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Friendship Fair begins in Sydney

Brett Lee charmed the audience in an India-Australia Friendship Fair, which is a part of 60th I-Day celebrations in Sydney.

india Updated: Aug 13, 2007 14:55 IST

With fast bowler Brett Lee as the star attraction, weeklong celebrations of India's 60th Independence Day were kicked off in Sydney with an India-Australia Friendship Fair attracting 22,000 people in Sydney Olympic Park.

Brett Lee charmed the audience on Sunday with Hindi sprinkled in his speech. Lee is heading to India Aug 19 to record another number with Asha Bhonsale.

He was mobbed like a film star but said his current cricket commitments wouldn't leave him with any time to act in a Bollywood film even though he had received some offers.

Among the dignitaries was Minister for Immigration and Citizenship Kevin Andrews, getting his blood pressure and cholesterol checked by doctors of Indian origin.

Andrews, in the spotlight since he cancelled freed terror suspect Muhammad Haneef's work visa last month, stressed how professional the Indian doctors carrying out the service had been and how valued they were to the country.

The chief guest at the fair, New South Wales Premier Morris Iemma, said people of Indian origin were a model community, responsible and law-abiding citizens, who should be treated with the respect they deserve.

He emphasized the importance of trade, culture and sporting links between the two countries.

The fair, which attracted only 250 people in 1994, has grown manifold to become one of Australia's largest cultural events, next only to the Chinese New Year.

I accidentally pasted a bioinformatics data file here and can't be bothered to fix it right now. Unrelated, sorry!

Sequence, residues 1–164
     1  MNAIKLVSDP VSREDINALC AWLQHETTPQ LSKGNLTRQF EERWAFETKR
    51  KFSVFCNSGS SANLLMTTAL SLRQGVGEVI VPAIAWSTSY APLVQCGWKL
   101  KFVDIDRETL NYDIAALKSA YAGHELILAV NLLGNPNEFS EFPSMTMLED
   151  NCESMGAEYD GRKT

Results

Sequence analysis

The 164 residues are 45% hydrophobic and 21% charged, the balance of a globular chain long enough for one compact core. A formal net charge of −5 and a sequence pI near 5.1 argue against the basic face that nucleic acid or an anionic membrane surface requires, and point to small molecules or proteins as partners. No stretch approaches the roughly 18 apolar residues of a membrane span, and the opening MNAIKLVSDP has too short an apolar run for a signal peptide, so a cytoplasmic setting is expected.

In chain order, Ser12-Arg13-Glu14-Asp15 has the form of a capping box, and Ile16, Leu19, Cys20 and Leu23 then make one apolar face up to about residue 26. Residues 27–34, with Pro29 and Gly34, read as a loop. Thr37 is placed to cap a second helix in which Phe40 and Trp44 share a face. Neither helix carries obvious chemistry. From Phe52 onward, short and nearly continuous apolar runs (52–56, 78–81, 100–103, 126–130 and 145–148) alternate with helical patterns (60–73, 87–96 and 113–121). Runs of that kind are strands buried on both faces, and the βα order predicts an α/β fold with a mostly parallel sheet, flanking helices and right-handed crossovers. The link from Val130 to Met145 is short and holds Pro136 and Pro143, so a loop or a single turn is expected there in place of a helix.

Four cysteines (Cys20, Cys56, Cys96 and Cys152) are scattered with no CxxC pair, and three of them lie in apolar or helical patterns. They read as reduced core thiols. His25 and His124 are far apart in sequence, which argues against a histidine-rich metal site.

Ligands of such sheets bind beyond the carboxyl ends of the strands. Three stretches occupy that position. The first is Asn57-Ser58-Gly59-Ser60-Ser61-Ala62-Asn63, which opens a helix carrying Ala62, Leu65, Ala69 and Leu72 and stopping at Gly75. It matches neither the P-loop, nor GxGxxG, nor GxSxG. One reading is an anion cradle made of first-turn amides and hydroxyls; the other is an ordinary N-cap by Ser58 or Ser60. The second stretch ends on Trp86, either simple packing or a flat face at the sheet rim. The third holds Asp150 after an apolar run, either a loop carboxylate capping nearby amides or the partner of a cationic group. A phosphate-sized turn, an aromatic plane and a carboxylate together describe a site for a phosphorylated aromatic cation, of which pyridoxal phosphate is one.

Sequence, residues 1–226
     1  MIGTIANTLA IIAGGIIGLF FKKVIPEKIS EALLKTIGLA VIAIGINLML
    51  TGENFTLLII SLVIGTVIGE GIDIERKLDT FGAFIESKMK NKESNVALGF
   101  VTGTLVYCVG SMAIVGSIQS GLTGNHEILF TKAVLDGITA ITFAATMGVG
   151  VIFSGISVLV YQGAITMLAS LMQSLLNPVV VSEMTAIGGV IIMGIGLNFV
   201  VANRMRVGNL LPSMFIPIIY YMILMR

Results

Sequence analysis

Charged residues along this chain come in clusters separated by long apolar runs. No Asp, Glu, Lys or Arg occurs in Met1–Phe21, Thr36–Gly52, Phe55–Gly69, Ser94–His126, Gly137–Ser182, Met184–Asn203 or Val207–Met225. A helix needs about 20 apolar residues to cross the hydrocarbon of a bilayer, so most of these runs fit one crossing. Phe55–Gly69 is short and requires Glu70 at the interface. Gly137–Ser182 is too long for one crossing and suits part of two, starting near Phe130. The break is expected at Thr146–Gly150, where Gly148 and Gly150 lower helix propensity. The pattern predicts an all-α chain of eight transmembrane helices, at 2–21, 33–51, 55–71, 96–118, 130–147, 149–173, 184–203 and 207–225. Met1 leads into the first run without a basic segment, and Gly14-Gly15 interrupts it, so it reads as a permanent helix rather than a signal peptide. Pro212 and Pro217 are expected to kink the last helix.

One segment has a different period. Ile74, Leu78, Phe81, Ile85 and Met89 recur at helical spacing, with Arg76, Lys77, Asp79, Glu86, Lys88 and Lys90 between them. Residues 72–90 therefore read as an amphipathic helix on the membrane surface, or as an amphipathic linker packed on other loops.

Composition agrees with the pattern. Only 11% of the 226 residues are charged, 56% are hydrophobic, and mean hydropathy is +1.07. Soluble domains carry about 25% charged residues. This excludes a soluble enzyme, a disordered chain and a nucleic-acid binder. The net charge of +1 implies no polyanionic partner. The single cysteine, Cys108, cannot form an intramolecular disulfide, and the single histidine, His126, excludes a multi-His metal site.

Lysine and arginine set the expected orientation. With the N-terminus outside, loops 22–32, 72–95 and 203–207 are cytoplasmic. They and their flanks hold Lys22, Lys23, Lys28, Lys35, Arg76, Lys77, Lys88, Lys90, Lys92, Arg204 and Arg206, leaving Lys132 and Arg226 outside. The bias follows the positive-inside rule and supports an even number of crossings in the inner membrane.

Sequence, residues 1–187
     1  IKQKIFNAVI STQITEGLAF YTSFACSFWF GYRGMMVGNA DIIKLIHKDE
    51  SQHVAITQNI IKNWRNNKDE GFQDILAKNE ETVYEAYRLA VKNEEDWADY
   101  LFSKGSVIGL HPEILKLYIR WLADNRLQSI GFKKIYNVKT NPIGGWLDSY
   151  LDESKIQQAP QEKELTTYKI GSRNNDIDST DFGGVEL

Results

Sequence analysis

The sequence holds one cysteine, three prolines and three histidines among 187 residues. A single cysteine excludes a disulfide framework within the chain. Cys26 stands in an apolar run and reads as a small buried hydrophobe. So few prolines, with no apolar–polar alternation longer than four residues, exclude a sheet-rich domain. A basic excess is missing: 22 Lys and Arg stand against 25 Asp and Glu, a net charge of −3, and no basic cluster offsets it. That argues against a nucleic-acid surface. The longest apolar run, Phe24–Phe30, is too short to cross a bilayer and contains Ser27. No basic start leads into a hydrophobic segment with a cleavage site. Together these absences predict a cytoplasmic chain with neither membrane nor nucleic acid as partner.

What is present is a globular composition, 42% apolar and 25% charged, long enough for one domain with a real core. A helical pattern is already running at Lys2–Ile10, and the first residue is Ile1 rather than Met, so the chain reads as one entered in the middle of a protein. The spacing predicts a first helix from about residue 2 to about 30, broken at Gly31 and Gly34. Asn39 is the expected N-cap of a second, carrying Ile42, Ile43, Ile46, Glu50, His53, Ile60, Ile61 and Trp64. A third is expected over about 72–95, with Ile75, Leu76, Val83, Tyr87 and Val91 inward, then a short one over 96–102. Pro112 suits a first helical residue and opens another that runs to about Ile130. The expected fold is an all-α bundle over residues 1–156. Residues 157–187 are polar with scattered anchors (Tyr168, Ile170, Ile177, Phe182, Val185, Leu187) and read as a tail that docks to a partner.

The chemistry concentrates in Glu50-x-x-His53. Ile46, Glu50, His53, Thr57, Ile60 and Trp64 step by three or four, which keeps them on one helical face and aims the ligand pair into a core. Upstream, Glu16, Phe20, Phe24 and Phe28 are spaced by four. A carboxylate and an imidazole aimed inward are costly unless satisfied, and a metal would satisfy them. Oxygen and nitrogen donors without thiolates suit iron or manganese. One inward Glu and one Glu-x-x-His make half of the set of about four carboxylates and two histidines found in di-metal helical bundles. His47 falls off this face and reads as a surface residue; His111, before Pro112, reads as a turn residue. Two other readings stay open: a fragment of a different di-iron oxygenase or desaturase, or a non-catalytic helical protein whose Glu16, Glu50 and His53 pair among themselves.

Organised by the United India Association (UIA), the apex body representing 18 Indian community organizations in the country, the fair is living up to its commitment of multiculturalism.

UIA President Raj Natarajan, an electronics engineer who migrated with his family from Bangalore in 1988, said: "The people to people exchange between the two countries is a vital component of the bilateral relationship. We can be very important ambassadors as we understand the emotions and value system of both cultures, essential for forging strong ties."

A cultural programme of dance and music stretched into Sunday evening. From old Kishore Kumar and Lata Mangeshkar favourites of 1970s to east-west fusion music, the crowd tapped and clapped at every beat.

There was a fashion parade of saris and a Bollywood themed show with a live performance by 'Salaam Namaste' star Tania Zetta. Being thousands of miles away has not in any way dimmed the passion for Bollywood hits amongst Indians.

An Australian Football League (AFL) and cricket clinic, where aspiring sportspersons were given lessons by veteran players, was also organised. While AFL is yet to catch the fancy of Indians, people thronged the cricket clinic with Brett Lee at the crease.

The 100-odd stalls at the fair offered all that one needed to know about Indians in Australia.

From local Indian newspapers, Internet services, Hindi film CDs, camel rides and henna to alternative medicine stalls, yoga, dosas and jalebis, there was something for all. For one homesick couple, winning two return tickets to India on Malaysian Airlines, made their day.

The buzz at the Athletics Centre in the Sydney Olympic Park almost felt like spending a day in Delhi's Pragati Maidan. As dusk set in, a spectacular show of fireworks lit the skyline with the digital scoreboard wishing India a Happy Birthday.

Proceeds from this fair will be used for different community projects for the growing number of Indians in Australia, which at the last census accounted for 230,000.